Scientific publications

AT1 receptor autoantibodies mediate effects of metabolic syndrome on dopaminergic vulnerability

Dec 16, 2022 | Magazine: Brain, Behavior, and Immunity

Maria A Pedrosa 1, Carmen M Labandeira 2, Rita Valenzuela 1, Aloia Quijano 3, Mariña Sanchez-Andrade 4, Juan A Suarez-Quintanilla 5, Jose L Lanciego 6, Jose L Labandeira-Garcia 7, Ana I Rodriguez-Perez 8


The metabolic syndrome has been associated to chronic peripheral inflammation and related with neuroinflammation and neurodegeneration, including Parkinson's disease. However, the responsible mechanisms are unclear. Previous studies have involved the brain renin-angiotensin system in progression of Parkinson's disease and the angiotensin receptor type 1 (AT1) has been recently revealed as a major marker of dopaminergic vulnerability in humans. Dysregulation of tissue renin-angiotensin system is a key common mechanism for all major components of metabolic syndrome. Circulating AT1 agonistic autoantibodies have been observed in several inflammation-related peripheral processes, and activation of AT1 receptors of endothelial cells, dopaminergic neurons and glial cells have been observed to disrupt endothelial blood -brain barrier and induce neurodegeneration, respectively.

Using a rat model, we observed that metabolic syndrome induces overactivity of nigral pro-inflammatory renin-angiotensin system axis, leading to increase in oxidative stress and neuroinflammation and enhancing dopaminergic neurodegeneration, which was inhibited by treatment with AT1 receptor blockers (ARBs). In rats, metabolic syndrome induced the increase in circulating levels of LIGHT and other major pro-inflammatory cytokines, and 27-hydroxycholesterol. Furthermore, the rats showed a significant increase in serum levels of proinflammatory AT1 and angiotensin converting enzyme 2 (ACE2) autoantibodies, which correlated with levels of several metabolic syndrome parameters. We also found AT1 and ACE2 autoantibodies in the CSF of these rats.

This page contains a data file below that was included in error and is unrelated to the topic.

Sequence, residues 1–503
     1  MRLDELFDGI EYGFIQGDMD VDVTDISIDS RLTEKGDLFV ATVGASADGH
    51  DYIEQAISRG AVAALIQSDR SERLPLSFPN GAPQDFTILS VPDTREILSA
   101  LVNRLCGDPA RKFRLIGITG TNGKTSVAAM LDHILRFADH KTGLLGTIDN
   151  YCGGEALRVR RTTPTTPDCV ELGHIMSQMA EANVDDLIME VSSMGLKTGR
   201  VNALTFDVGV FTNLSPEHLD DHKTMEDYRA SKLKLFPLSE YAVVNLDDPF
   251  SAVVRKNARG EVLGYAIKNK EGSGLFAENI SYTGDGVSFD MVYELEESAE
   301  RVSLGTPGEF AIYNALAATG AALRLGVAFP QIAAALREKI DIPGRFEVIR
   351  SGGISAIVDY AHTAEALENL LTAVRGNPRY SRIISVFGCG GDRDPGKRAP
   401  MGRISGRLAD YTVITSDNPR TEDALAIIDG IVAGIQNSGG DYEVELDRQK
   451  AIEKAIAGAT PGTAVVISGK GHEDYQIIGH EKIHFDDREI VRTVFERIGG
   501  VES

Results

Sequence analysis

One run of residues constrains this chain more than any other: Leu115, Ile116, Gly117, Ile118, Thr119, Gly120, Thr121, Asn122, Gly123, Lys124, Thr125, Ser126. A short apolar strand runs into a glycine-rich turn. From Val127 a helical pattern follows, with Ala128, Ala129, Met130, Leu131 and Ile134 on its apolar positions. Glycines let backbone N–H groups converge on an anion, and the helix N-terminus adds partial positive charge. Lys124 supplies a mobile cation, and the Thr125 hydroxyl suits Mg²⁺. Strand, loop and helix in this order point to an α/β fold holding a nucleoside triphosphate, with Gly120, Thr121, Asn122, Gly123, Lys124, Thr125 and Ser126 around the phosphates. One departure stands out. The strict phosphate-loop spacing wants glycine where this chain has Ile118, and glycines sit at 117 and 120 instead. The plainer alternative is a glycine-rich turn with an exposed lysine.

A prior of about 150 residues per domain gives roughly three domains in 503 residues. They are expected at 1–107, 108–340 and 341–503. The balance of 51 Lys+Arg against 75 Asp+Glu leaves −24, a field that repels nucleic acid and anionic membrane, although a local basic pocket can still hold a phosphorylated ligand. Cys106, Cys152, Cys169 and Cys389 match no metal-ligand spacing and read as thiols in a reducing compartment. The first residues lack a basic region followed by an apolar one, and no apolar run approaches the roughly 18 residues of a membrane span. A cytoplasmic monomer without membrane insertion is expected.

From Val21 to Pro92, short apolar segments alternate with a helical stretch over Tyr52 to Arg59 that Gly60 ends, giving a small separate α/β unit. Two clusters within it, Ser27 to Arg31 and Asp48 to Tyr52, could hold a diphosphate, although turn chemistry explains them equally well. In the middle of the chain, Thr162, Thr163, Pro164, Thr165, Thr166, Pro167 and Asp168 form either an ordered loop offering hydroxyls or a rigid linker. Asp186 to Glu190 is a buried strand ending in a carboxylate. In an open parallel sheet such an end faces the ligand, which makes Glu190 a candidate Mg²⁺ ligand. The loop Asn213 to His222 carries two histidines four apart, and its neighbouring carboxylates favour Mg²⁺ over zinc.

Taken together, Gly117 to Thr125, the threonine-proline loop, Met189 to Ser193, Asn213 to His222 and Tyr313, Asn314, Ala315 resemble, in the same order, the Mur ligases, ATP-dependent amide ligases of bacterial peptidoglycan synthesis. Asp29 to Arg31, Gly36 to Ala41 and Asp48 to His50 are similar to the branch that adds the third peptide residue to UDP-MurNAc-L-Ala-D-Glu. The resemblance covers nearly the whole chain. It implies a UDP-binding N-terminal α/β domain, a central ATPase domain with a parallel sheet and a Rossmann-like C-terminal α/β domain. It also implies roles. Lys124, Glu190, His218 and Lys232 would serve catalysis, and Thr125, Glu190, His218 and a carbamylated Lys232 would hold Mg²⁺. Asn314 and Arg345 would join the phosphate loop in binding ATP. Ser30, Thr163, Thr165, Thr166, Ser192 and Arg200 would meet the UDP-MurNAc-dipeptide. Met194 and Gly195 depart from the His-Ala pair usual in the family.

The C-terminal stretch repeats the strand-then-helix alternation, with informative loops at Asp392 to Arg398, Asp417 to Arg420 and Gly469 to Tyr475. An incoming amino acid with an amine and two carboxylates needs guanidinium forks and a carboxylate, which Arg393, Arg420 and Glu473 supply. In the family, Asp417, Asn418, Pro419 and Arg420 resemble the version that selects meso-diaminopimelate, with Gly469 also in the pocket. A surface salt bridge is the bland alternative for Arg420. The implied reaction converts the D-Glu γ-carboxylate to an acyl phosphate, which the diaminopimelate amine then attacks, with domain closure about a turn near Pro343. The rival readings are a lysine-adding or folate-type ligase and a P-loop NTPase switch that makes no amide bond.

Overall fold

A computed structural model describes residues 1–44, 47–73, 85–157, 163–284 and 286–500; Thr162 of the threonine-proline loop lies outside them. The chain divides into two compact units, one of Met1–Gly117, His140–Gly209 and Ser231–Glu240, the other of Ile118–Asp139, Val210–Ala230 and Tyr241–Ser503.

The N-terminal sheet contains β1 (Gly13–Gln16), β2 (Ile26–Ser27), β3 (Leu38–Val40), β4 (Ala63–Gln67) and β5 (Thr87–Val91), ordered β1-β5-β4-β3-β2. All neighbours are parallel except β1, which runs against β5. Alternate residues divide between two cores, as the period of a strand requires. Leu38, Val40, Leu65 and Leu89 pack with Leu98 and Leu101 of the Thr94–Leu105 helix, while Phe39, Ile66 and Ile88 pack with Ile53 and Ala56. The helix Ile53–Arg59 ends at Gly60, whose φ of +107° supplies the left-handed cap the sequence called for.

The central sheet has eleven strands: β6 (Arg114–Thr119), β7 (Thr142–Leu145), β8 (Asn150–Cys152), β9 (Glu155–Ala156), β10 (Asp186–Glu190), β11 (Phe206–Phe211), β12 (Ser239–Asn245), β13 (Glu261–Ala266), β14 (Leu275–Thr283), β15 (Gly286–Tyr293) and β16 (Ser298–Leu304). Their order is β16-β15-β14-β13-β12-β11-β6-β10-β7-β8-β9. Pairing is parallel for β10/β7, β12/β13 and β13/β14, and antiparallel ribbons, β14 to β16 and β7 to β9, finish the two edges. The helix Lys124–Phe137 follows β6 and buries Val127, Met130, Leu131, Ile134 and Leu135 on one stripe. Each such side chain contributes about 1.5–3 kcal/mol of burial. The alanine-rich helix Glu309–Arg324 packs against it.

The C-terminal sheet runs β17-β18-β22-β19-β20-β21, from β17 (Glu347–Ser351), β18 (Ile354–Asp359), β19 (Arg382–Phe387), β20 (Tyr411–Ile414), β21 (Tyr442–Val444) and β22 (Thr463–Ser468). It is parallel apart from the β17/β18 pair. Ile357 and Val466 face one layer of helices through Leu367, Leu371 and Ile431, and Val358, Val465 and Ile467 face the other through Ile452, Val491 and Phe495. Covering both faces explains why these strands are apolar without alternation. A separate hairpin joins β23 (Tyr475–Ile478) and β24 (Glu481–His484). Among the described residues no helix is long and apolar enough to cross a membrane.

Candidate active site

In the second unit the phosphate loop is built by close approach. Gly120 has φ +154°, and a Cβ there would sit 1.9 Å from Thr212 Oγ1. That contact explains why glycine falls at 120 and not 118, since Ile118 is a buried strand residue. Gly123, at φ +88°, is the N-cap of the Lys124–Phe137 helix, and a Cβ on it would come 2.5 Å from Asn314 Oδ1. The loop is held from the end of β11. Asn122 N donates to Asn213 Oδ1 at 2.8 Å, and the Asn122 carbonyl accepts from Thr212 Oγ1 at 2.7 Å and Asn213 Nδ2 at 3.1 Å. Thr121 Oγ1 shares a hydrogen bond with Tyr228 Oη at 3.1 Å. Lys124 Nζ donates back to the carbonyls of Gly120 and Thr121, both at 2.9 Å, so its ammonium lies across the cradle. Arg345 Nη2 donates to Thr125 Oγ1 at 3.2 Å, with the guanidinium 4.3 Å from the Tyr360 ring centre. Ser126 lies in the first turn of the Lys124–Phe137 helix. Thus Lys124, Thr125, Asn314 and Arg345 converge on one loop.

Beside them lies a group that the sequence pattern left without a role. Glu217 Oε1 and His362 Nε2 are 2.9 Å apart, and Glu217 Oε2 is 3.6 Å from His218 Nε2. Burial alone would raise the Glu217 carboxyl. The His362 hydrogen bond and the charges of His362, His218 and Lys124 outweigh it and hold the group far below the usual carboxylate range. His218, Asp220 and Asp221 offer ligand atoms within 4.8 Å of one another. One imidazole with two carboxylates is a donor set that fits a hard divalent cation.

Effects of circulating autoantibodies were confirmed by chronic infusion of AT1 autoantibodies, which induced blood-brain barrier disruption, an increase in the pro-inflammatory renin-angiotensin system activity in the substantia nigra and a significant enhancement in dopaminergic neuron death in two different rat models of Parkinson's disease. Observations in the rat models, were analyzed in a cohort of parkinsonian and non-parkinsonian patients with or without metabolic syndrome. Non-parkinsonian patients with metabolic syndrome showed significantly higher levels of AT1 autoantibodies than non-parkinsonian patients without metabolic syndrome.

However, there was no significant difference between parkinsonian patients with metabolic syndrome or without metabolic syndrome, which showed higher levels of AT1 autoantibodies than non-parkinsonian controls. This is consistent with our recent studies, showing significant increase of AT1 and ACE2 autoantibodies in parkinsonian patients, which was related to dopaminergic degeneration and neuroinflammation. Altogether may lead to a vicious circle enhancing the progression of the disease that may be inhibited by strategies against production of these autoantibodies or AT1 receptor blockers (ARBs).

CITA DEL ARTÍCULO Brain Behav Immun. 2023 Feb:108:255-268. doi: 10.1016/j.bbi.2022.12.009. Epub 2022 Dec 16.